Despite still defending the Fed’s bailouts, Fed Governor Kevin Warsh gave a speech this morning offering a few insights about reforming our financial system that seem to be lost on both Obama and Bernanke.
A few highlights:
The mortgage finance system is owed far stricter scrutiny to gather a fuller appreciation of the causes of the crisis. The government‐sponsored enterprises (GSEs), Fannie Mae and Freddie Mac, for example, were given license and direction to take excessive risks.
One has to hope that both Bernanke and Obama are listening. The silence of the Obama administration on fixing Fannie and Freddie is nothing short of shocking and irresponsible. Any commitment to real reform has to include the GSEs.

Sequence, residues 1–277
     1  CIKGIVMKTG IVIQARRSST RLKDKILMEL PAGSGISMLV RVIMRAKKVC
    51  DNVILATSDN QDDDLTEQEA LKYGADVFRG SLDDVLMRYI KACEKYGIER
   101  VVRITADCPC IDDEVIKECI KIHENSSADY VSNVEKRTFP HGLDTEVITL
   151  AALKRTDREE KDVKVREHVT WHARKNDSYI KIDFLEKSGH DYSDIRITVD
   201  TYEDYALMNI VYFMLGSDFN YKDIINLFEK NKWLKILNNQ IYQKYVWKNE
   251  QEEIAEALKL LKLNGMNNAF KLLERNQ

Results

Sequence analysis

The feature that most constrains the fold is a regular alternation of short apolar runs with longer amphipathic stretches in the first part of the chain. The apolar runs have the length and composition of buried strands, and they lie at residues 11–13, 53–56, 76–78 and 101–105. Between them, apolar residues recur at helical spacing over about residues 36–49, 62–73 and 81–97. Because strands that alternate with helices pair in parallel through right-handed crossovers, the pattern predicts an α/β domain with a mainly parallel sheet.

Granting new powers to resolve failing firms in the discretionary hands of regulators is unlikely, in the near‐term, to drive the market discipline required to avoid the recurrence of financial crises.
…Some newly‐empowered and untested regulatory structure is not likely — in and of itself — to be sufficient to tackle institutions that are too‐big‐to‐fail, particularly as memories of the crisis fade. Regulation is too important to be left to regulators alone.
I believe these two points cannot be stated more strongly: what we need is more market discipline, rather than less. Putting the entire weight of our financial system on the backs of our financial regulators is a crisis just waiting to happen. Sadly the direction of both President Obama and Congress seems to be in undermining market monitoring of firms and relying solely on regulators to “get it right” — the very same regulators who were asleep at the wheel prior to the last crisis.